Guide to What Affects The Pound Exchange Rate

Guide to What Affects The Pound Exchange Rate

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If you’ve ever bought or sold the pound, you’ll know that the toughest part of doing so is knowing when’s the best time to exchange currencies. Alas, no one can predict the foreign exchange rate.

Given that, what I want to do in this post is provide a guide as to what has the biggest impact on sterling. This way, you can gain a better insight into what affects the pound, even if you can’t know for sure how the exchange rate will change.

What affects the pound exchange rate?

The pound exchange rate is broadly affected by two things. These are economic and political events in the UK, and economic and political events outside the UK. This is because, of course, the value of the pound will be affected by things inside Britain.

However, if you want to sell the pound to buy the euro for instance, then your exchange rate will also be impacted by what’s happening in the Eurozone. The same for the US dollar, and what’s happening in America, etc.

What sort of economic and political events do you mean?

In the UK, there’s a monthly economic calendar detailing what’s happening in different parts of the UK economy. This includes the performance of the UK’s manufacturing sector at the start of the month, the unemployment rate toward the middle of the month, the trade balance at the end, and so on.

Each release adds to the ongoing picture of what’s happening in the UK economy, and so affects the value of the pound.

In addition to the UK economic outlook, the political picture is changing at the same time. For instance, the prime minister UK might decide to take the country to war or bring the UK out of the European Union.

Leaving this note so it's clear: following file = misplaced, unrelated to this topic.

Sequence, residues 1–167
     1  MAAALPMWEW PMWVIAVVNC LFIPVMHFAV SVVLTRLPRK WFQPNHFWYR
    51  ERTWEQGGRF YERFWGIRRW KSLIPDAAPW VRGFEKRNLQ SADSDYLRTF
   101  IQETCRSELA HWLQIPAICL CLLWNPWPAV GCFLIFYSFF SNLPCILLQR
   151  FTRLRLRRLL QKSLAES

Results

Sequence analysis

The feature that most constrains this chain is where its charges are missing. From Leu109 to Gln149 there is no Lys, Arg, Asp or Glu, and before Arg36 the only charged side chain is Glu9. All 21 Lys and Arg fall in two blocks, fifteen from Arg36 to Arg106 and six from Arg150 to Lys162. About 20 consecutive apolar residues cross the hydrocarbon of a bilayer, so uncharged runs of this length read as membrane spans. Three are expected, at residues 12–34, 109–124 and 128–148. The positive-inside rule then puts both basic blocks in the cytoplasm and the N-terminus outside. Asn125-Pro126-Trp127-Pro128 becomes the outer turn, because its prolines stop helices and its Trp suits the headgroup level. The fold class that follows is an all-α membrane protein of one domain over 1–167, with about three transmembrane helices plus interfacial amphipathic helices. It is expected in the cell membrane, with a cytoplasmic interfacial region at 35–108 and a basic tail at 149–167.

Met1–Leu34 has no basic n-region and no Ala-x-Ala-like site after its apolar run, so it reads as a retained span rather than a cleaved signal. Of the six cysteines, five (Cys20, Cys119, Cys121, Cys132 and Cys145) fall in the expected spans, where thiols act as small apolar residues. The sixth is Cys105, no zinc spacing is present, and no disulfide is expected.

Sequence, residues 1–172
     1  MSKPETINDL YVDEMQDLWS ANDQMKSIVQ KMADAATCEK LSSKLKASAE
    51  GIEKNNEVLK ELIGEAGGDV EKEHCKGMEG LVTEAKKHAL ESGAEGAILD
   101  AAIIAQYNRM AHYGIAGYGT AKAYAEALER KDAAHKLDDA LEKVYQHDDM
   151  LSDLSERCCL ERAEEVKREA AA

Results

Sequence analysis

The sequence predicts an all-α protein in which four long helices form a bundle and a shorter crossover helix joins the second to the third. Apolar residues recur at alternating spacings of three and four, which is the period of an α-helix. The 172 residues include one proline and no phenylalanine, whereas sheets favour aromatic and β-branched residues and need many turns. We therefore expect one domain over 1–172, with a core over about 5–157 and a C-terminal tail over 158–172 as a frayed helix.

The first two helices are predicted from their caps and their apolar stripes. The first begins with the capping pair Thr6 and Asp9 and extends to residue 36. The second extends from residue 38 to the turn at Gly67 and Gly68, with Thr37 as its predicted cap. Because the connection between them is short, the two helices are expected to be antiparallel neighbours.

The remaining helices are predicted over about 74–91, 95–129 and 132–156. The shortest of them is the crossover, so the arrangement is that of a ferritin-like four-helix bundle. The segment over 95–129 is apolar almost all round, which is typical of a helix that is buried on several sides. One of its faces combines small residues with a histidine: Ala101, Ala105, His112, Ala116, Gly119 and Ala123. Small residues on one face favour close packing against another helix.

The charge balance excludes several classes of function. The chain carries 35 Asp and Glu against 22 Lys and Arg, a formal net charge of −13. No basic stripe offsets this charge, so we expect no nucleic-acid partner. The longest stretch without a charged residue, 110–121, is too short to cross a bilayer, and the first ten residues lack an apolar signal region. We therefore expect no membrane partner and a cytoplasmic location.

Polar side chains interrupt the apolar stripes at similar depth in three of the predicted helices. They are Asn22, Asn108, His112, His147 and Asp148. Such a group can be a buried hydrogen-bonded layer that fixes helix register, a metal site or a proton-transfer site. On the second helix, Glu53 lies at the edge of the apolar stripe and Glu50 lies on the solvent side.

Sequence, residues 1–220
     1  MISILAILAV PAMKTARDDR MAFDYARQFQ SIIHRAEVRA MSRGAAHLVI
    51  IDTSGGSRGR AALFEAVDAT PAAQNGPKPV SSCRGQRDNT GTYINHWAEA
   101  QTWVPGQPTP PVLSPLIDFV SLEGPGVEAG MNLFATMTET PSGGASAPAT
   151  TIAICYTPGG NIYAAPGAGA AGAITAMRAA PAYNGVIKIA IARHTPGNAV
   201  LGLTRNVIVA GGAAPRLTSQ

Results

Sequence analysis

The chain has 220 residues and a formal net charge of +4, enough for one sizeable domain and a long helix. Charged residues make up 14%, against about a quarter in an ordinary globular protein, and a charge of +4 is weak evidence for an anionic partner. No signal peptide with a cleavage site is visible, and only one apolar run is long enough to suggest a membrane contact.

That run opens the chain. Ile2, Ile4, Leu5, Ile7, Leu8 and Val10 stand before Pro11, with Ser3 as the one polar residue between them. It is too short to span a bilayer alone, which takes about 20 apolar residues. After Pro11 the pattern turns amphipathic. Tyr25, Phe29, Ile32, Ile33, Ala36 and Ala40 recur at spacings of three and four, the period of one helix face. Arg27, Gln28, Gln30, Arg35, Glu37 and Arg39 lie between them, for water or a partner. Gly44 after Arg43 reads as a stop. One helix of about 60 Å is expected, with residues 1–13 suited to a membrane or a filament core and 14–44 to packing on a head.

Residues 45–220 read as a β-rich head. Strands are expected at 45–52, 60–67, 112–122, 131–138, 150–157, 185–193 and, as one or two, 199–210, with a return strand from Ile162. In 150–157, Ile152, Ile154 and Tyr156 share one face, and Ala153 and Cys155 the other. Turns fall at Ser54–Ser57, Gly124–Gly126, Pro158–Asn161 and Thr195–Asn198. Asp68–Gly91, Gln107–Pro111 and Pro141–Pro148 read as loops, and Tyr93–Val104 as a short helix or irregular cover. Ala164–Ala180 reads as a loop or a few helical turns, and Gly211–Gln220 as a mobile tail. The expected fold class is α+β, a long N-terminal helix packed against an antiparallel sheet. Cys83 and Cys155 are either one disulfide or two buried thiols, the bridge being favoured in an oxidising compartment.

These things have implications for how attractive the UK is as an investment destination, and so also impact the pound exchange rate.

Do you have any examples of politics affecting the pound?

Well, the uncertainty surrounding the UK’s future membership of the EU right now is a good example of politics affecting the pound. The pound is arguably lower than it otherwise would be because this doubt exists. This is because, for many investors, one of the key benefits of the UK as an investment destination is that it provides access to the European market, but in English.

If the UK leaves the EU, it no longer provides that access but stands on its own as a much smaller market.

Do you have any examples of economics affecting the pound?

The pound is down almost an entire penny against the euro today, as economic forecast group NIESR predicts the UK will contract –0.3% in the last three months of 2012.

Of course, this is just a prediction, and we won’t know the actual result until two weeks from now. But if this is accurate, it means the UK is on the way to an unprecedented triple-dip recession, meaning the UK has fallen into recession three times since the financial crash.

Which releases have the biggest impact on sterling?

If I knew this, I’d know which way the pound was going to go, and could predict the exchange rate. However, speaking very generally, figures about whether the UK economy is expanding or shrinking will have a big impact on the pound, as will major political announcements.

For example, were the UK to leave the EU, it would blow the pound apart like an earthquake, to be sure. In addition, market expectations also play a big part in where the pound will go.

For instance, if the UK is expected to shrink but –0.5%, but only shrinks –0.1%, the pound could climb even though the news is bad because it’s not as bad as feared.

How can I find out what economic releases are due?

To do that, I’ve put together a calendar of the UK’s monthly economic releases. UK Monthly Economic Calendar

Is there anything else to keep in mind?

If you plan to buy or sell the pound, I think the most important thing to keep in mind is that the foreign exchange market is volatile and subject to sudden changes. This reflects the fact that the world is a fast-changing place.

For instance, who’d have thought five years ago that the UK would still be battling recession today? And who’d have thought two years ago the country would be contemplating leaving the EU? Hence, even armed with a calendar, and a better idea about what affects the rates, your best bet is still to tread cautiously when thinking about the rates.

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